Richard and Hildegard Christian Wax have the art of building houses down to a science. In addition to constructing close to 50 homes in the Aspen area over the past two decades through his construction firm, Richard and
Hildegard, who handles the interior design side of things, have also built houses for themselves in places from California to Mexico. And although they already owned a small house in Aspen, the couple felt ready to build a larger, more permanent home for themselves in the area. But, ironically, they didn’t arrive at that decision until they had already purchased another house. “It was a great site, with southern exposure, very nicely treed and with big views,” says Richard. “It had an existing structure on it that we had decided to remodel and fix up.” But after making the purchase, the couple had a change of heart. “My wife asked me what I thought of the house,” says Richard, “and I said, ‘Honey, I hate it.’ ” So, the couple hired architect Jamie L. Brewster McLeod, knocked down the house and got to work building exactly what they wanted.
Enlisting Brewster McLeod was a natural move. “We had built five houses together,” says the architect, “and every one of them had a different soul, site, context and message we were trying to relay. Getting to build their personal home was a privilege.” The architect began by working with the couple to establish the aesthetic of the structure. “It was a little bit of a departure for us, because we usually do a lot of stone and wood,” Brewster McLeod says of the past houses she designed for the builder. “For their own home, Richard and Hildegard had a very specific style they wanted. This house was to be more contemporary, stone and stucco, really light and bright, with a huge play on interior-exterior spaces.”
Working closely with the couple, Brewster McLeod set the tone for the exterior with a 20-foot-high entry and gabled roof forms that give a nod to the surrounding mountains. Inside, the architect devised a three-level floor plan tailored to the couple’s lifestyle. “They wanted to live on one floor that had everything they needed while still offering privacy,” says Brewster McLeod, who situated an offce for Richard near the front door for easy client access and placed the master bedroom toward the rear of the house near the kitchen. A bathroom was designed to open directly to an indoor swimming pool, which was a specific request of the couple, along with a tennis court, a pond and a vegetable garden.
“We wanted to fill that bucket list,” says Richard. Rounding out the floor plan, a trio of bedrooms was set on an upper level, while wine, art and storage rooms were placed a level below.
To amplify a relationship with the outdoors, Brewster McLeod kept the ceilings high and the windows large. The living room is framed with glass on three sides, including sliding doors that open onto a spacious terrace. The dining room, kitchen and master bedroom also spill out onto this generous outdoor area. “I believe every house should have a strong connection with the exterior space,” says the architect. “We live our lives indoors, but the outdoors is what grounds us.” The terrace is finished with a pergola-shaded dining area, complete with a replace and barbecue.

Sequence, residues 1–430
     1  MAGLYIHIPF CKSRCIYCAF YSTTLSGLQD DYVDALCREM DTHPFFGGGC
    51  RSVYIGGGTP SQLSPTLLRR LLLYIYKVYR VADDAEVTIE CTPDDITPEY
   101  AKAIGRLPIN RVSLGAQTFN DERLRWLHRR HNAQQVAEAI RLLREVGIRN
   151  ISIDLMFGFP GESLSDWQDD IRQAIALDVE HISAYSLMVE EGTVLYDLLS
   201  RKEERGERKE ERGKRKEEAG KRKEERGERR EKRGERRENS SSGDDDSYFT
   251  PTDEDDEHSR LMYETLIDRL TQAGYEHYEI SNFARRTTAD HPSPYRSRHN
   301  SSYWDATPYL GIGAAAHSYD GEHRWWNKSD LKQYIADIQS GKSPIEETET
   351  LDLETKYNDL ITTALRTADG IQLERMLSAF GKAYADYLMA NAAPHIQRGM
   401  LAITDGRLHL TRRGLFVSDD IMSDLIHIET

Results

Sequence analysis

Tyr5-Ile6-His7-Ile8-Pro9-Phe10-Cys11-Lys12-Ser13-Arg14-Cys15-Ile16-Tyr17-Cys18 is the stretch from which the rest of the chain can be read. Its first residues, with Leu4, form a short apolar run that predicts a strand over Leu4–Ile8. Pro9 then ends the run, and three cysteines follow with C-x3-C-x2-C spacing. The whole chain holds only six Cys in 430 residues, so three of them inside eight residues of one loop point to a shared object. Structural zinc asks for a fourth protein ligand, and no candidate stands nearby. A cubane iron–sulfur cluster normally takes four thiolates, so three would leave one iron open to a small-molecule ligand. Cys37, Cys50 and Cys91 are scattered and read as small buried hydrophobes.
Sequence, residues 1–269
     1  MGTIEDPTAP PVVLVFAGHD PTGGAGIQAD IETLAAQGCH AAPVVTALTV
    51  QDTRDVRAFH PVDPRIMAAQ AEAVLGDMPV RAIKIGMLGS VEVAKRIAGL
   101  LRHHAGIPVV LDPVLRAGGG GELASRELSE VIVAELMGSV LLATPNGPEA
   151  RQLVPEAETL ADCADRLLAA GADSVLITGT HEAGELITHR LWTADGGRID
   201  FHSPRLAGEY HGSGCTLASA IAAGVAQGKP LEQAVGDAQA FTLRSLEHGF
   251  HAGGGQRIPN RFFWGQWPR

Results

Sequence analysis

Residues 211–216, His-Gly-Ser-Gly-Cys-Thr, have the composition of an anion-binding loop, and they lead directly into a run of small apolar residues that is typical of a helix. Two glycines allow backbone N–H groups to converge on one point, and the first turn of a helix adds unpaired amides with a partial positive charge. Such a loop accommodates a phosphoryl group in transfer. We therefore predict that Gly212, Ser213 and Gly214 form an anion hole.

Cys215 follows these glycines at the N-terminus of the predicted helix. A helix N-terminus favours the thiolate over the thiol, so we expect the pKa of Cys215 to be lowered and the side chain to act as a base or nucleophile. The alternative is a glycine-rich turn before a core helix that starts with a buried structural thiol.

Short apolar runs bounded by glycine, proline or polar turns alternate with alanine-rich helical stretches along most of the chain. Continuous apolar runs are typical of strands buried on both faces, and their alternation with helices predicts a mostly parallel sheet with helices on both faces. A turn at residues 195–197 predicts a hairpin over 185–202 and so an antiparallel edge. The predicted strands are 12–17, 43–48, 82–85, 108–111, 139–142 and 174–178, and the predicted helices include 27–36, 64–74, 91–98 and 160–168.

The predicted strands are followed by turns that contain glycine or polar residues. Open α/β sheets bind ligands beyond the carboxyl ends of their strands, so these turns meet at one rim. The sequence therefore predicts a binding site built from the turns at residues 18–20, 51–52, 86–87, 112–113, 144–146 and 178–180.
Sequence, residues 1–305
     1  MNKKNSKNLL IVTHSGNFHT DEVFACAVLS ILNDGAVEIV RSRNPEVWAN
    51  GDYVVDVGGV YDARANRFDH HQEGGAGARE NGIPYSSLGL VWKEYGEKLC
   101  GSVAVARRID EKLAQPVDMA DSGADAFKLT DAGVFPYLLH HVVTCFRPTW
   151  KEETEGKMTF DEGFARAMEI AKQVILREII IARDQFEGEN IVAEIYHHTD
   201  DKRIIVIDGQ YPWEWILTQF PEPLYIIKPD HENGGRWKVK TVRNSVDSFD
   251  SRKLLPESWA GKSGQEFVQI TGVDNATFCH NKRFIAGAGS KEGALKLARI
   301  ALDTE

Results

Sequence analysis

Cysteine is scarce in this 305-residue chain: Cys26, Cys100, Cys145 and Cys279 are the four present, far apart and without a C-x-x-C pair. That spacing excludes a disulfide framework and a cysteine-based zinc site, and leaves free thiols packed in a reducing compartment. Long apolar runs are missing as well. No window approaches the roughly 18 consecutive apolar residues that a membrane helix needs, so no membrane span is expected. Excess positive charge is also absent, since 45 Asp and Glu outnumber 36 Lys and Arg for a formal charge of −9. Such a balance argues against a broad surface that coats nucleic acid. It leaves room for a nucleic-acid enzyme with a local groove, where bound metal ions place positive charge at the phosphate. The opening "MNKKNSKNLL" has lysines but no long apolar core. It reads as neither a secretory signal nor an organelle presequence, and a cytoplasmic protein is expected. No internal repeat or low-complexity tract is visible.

In appointing the light-filled interiors, Hildegard drew inspiration from the natural Aspen landscape in creating interiors with, as she says, “a sense of restraint and clarity.” She mixed pieces from her favorite designers with items gathered during the couple’s travels and her youth in Europe for a sophisticated and collected feel. In the living room, she paired antique tapestry-covered chairs with linen- upholstered Verellen sofas and Ralph Lauren Home tub chairs covered with raw silk. A replace surround salvaged from a château in France anchors the calming space.
For the intimate dining room, Hildegard selected a Baroque-style walnut table and Verellen chairs slipcovered with soft leather. Here and throughout, she kept patterns to a minimum, preferring instead, as she explains, “the look and feel of calming textures and subtle hints of color.” Open glass shelving displays silver collected long before she and Richard were married, and a 17th-century tapestry from France hangs against the room’s stone wall. Hildegard carried the muted palette into the master bedroom, as well, with a buttery leather-upholstered headboard.
Richard, alongside project managers Jeff Davis and Vincent Coghlan, oversaw the structure’s meticulous construction, which involved excavating and building a retaining wall at the back of the house to support the lower level. In addition to handling the build, Richard, who had owned a landscape company and nursery in California years ago, also designed the landscape. Next to a stream that flows through the property, he enhanced an existing pond by using boulders from the site “to create a gorgeous double waterfall that spills into the pond,” he says. For the front of the house, he ensured privacy by planting large spruce trees and 6-inch-caliper aspens along the 1/4-mile- long drive. “We didn’t want to wait for things to grow,” he says. “We wanted to see them now.”
For both Richard and Hildegard, building the home was a rewarding experience. “We did a lot of pre-planning and spent a lot of time putting things on paper to make sure they’d work,” says Richard. “We wanted the house to fit on the site, to be understated and have all the things we wanted.” That unique and personal approach is evident in the final product. “From the design to the palette to the blend of old and new,” says Brewster McLeod, “the house is a great reflection of who they are.”